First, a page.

Landscape organizes everything within sight.

Saturday, September 23, 2006

“Depressed?…It might be political.”

I've just been reading Lauren Berlant's essay, “Critical Inquiry, Affirmative Culture.”   I got here by following the literature on emotionology.  The history of emotions has been getting a lot of academic press of late.  It’s a fascinating field (did happiness then mean the same as happiness now?), but most fascinating to me, it overlaps greatly with the literature on the city, every-day objects, and material culture. 

Berlant’s own work is on the emotion of every-day experience.  She has written, for example, on how  Hawthorne uses the close reading of everyday visual objects in his text (the American eagle in the “Custom House,”  the scarlet letter in that novel) to deconstruct the nationalist utopianism they seamlessly symbolize. 

In this essay, she wants to argue for the compatibility of critical inquiry and phenomenology.  For Berlant, analysis of the every-day leads perhaps most intimately to the unpacking of unconsciously accepted frameworks.  Focusing on the everyday is focusing on the purely social and personal, rather the disciplinary or governmental: 

“To talk about the senses is to involve oneself in a discussion of the optimism of attachment, the sociability of persons across things, spaces, and practices.  It represents a turn to the human without resurrecting, necessarily, a metaphysical subject, for sensual experiences and emotions are usually thought about, these days, in contexts of enunciation and experience – the nation, the law, the family, religion, mass culture, or aesthetic ambition, for example.” 448

She wants to validate two paradoxical impulses in the scholarship:
  • de-universalizing the senses – the tendency of Miriam Hansen’s work on vernacular modernism and cinema --- which is about historicizing perception to a specific place and time
  • the affirmative character of criticism, which depends on trusting the senses to convey some objective reality, referred to by Herbert Marcuse as “affirmative culture”.  Thus utopian, avant-garde, or even merely difficult art that seeks to slow down and thus interfere with culture rarely overturns anything, because it reinforces the absorption and consumption of the bourgeois subject.  She’s not the first to have noticed how much twentieth-century criticism depends upon replicating the very distanced, male gaze that it was trying to tear down.  She summarizes the problem deftly: critical theorists experience an “anxiety over critical theory’s own optimism.”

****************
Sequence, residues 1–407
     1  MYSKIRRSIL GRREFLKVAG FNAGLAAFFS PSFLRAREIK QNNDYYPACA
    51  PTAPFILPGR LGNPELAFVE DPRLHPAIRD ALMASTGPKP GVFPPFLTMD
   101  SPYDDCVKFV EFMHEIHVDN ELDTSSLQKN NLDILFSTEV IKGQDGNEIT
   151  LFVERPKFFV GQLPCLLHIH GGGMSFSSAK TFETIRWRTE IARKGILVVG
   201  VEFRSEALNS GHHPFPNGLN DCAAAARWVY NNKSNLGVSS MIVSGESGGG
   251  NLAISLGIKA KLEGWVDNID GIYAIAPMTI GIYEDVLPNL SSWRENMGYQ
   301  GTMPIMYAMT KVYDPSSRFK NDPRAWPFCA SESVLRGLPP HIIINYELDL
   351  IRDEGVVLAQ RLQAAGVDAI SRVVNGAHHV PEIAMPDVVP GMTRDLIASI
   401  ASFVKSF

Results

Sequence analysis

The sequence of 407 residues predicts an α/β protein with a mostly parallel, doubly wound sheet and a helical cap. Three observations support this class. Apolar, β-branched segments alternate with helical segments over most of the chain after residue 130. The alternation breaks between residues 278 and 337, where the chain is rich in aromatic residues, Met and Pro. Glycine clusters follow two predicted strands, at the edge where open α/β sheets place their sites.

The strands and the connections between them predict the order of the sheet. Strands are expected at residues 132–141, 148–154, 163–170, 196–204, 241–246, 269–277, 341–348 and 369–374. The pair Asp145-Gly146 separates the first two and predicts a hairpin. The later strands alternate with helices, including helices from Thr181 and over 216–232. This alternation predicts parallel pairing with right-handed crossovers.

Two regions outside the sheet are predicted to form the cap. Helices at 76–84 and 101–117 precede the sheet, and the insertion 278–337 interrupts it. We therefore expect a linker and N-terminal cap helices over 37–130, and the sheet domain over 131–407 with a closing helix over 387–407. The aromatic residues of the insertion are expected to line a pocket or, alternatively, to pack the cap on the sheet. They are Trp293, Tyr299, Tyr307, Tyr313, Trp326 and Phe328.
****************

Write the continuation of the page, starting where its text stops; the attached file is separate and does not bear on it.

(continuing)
According to Berlant, the way out of this legitimate anxiety is to focus back on the every day, the human, the emotional.  And then to ask questions about the origins of those emotions, of those attachments to material things.  Where did they come from?  What to they mean?  How exactly is the scarlet letter A with its overwhelming, instantaneous message bound up with a world-view or a theology or a sense of individual worth that we as a society have already discarded?

Berlant’s practical solution, then, is to launch a series of feminist cells throughout American cities, where artists and academics come to talk about being depressed, being happy, and how many of those feelings are structured by participation in social forms that they'd rather avoid.

Her “feel tank” investigates “political depression” as an exit strategy to the collective guilt of voting without hope.  By focusing on negative and suppressed emotions like this guilt, they aim to identify and jettison public feelings that don’t belong to them. 

Conclusion #1: think out your depression.  Where's it coming from? Your depression probably *is* political.  All emotions are, even as language is. 

Conclusion #2: If the big, big gaze from the prospect only helps you see what everybody else is seeing, looking closely at the world around you might be the best way out.  The "close reading" practice of literature scholars is embraced as the first step to the "negative dialectic" of unravelling the norms of one's own culture.  For Berlant and her peers, the close reading needs to start not merely in the text but also in the material world. The material object leads all the way back into the world of emotions, repressions, social expectations.  Look at stuff.  Wonder how it got there.  Write about it.  Your material world is structured by the same forces that structure your emotional life. 

Read more:
Google Scholar search on Lauren Berlant

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